- F.lux: I use my electronic devices much later in the evening than I should. Hopefully, dimming their blue light at least minimizes their impact on my sleep.
I also adhere to the following tips for using those wellness and other life-management tracking apps to make it more likely I will actually use them regularly enough for them to teach me something about myself:
1) Simplify! Don’t try and use all the features. Feature creep is distracting and leads to analysis paralysis. On most days, I will often only use three icons to describe my day: a basic smiley face, frowny face, or neutral face. I’ll add a one-word descriptor: either “mental” or “physical” or “both” to note if the primary cause was more something like a triggering event or if I just had a high pain day. When I’m having a streak of bad days, a crisis with someone I care for, or a really bad flare, I might try to add additional time-stamped descriptors in line with specific self-care events that are correspondingly timestamped (in Health Storylines above) to note whether a specific self-care activity helped, but most of the time just one icon and one word are enough to clue me in how act appropriately to take care of myself. I also try to use as few apps as possible for the same general category of tracking as possible. Yes, there are probably better apps for just mental health than the one I use for both mental and physical health, but having everything on one app makes it more likely I’ll use both the features. Also, heaven help the ADHDer who thinks having eight time management apps is better than one. I’ve been that girl, and I lost more time trying to remember where the reminders I needed were than anything else.
2) Set a routine. I always check my blood pressure when I get up (literally when I get “up” – mine drops when I stand up) in the morning. If I’m already low in blood pressure or hurting in my joints as soon as I wake up – or if I know I woke up from a particularly visceral nightmare – it’s already a good hint that I should take extra precautions and pay more attention during the rest of the day to try and keep things from getting worse. Sometimes just a simple morning check-in can be enough to keep the rest of the day on track. When I get home from work, I can always revise that initial impression if the day changed markedly from my morning record, but if I forget I at least have one data point (and that data point was likely reasonably accurate or I’d have remembered to revise it.)
3) Always use the same 1-10 Likert scale for everything severity related. It’s stupid that doctors like 1-10 Likert scales and treat them like something universal. My “5” might be someone else’s “10.” It helps to know your own baseline. I made up what the 1-10 scale means to me personally so I can be consistent in my own ratings. What I’ve noticed, though, is that doctors never ask me what each number really “means” if they see that I had a string of “yellow” (4-6) pain days and now suddenly am in a “red” (7-10) cycle. Having simple visual data that shows “numbers went up = Lavender is getting worse” seems to help even when doctors have no idea what the absolute scale means. It’s weird, but if you have a scale on your phone you can also often avoid having to fill out the waiting room form and have things open to interpretation. I will often just write “will show doctor my tracking ratings in office” on the intake form to force the doctor to have a conversation with me.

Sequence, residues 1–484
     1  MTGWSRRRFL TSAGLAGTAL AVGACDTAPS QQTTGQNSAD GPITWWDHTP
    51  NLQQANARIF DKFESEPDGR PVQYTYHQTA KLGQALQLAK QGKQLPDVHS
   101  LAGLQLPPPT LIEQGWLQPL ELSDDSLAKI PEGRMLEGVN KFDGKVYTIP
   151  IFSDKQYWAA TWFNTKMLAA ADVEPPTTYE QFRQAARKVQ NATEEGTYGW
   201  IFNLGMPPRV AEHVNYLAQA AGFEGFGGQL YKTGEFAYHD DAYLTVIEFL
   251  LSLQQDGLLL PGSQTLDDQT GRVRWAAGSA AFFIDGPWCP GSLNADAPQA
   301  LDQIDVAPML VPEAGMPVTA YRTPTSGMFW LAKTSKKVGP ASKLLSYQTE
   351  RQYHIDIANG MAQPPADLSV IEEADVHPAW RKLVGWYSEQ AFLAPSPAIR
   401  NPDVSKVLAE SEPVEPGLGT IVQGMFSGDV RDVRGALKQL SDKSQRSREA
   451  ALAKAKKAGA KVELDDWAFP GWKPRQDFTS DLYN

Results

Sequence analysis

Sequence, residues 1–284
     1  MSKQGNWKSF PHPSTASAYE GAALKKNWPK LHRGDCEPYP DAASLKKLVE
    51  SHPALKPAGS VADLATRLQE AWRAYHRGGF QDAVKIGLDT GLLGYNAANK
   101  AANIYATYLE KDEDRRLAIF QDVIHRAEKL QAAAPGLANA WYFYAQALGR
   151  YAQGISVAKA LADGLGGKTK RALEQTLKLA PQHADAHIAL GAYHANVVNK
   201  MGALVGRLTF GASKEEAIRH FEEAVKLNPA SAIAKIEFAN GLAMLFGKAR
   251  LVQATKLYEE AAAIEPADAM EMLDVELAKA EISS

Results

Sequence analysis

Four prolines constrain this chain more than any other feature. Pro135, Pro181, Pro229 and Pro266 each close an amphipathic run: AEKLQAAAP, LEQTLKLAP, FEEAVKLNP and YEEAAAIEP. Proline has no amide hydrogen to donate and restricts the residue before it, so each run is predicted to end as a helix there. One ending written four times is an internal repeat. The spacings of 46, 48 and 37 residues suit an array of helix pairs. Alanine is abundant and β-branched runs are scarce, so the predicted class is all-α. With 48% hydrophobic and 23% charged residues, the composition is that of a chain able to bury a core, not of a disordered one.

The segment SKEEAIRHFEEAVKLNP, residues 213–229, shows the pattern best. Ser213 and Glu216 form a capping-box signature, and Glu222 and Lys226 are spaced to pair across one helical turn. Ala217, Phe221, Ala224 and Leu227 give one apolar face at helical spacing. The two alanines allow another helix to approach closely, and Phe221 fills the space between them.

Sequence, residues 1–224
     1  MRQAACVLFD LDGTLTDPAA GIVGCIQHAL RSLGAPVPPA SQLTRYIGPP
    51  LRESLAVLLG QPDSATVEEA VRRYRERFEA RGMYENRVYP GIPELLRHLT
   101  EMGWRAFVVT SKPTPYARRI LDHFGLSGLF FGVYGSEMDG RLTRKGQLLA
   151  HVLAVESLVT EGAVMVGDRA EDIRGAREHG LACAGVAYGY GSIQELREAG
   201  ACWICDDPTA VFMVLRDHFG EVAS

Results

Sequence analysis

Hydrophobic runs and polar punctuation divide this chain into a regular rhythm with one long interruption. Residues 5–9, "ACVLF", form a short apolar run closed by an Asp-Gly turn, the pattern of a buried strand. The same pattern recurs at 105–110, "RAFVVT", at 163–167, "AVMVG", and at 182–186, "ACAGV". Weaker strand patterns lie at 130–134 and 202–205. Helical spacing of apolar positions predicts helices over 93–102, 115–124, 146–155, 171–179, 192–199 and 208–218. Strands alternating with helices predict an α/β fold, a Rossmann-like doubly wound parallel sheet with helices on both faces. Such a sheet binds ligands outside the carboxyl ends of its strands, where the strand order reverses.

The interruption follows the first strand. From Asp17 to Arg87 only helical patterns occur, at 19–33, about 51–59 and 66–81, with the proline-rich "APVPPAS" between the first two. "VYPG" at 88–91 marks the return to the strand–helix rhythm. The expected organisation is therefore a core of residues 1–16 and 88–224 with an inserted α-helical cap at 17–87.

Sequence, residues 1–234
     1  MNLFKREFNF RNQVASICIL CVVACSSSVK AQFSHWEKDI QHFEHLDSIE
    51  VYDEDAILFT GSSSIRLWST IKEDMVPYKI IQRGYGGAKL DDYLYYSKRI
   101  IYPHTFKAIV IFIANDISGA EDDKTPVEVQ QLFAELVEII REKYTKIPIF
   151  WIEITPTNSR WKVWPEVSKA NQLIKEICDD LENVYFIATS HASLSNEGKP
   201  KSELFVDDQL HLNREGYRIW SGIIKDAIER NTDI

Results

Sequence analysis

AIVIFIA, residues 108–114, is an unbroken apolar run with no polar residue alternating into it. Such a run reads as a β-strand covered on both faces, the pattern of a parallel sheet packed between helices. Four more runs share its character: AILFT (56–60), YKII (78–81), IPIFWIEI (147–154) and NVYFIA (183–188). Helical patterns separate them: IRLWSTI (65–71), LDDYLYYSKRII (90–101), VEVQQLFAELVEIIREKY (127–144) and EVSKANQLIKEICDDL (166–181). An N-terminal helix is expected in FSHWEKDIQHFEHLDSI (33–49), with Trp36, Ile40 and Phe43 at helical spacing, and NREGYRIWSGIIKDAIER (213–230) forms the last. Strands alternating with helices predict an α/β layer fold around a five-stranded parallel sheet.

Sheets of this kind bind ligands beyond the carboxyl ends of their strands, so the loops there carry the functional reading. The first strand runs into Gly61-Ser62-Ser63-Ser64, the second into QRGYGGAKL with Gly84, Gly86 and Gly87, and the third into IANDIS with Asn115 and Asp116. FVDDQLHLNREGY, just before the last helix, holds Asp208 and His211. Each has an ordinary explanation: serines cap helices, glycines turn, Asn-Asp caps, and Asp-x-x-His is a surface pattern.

4) Track vitamins or supplements with a medication tracker. I take iron and vitamin d, and until I started treating them the same in my med tracker as my prescription medications, I never remembered to take them. In theory, tracking any vitamins taken by choice can also help to determine more accurately if they really correlate with better symptom days, but, again, that can be overwhelming to track. So, refer to the first hint (simplify) by default and judge additional capacity from there.
5) Measure even when you have a good day. First, it helps reinforce the routine (hint 2) of tracking, so I’ll remember to track even when I feel like crap. Second, it helps me accurately calibrate my own personal 1-10 scale (hint 3.) Doing so has helped me realize that what I call a good day still includes some pain and fatigue. That alone helps me feel more comfortable sticking up for my real symptoms and real needs when I visit my doctor. A good day might mean a symptom is only a 3/10, but the symptom is definitely still present enough to claim it. I was discounting my own reality in my memories before I started tracking on my “good” days. I was thinking I must not “really” be a spoonie because I had “good” days. Now, I both realize that “good” symptom days don’t mean “gone” symptom days – just relative improvements – and that those good days are also good days to try and determine what I might have done previously that helped bring them about. Good days are also good days to try out the more sophisticated kinds of correlation tracking that might feel overwhelming on the truly “bad” days.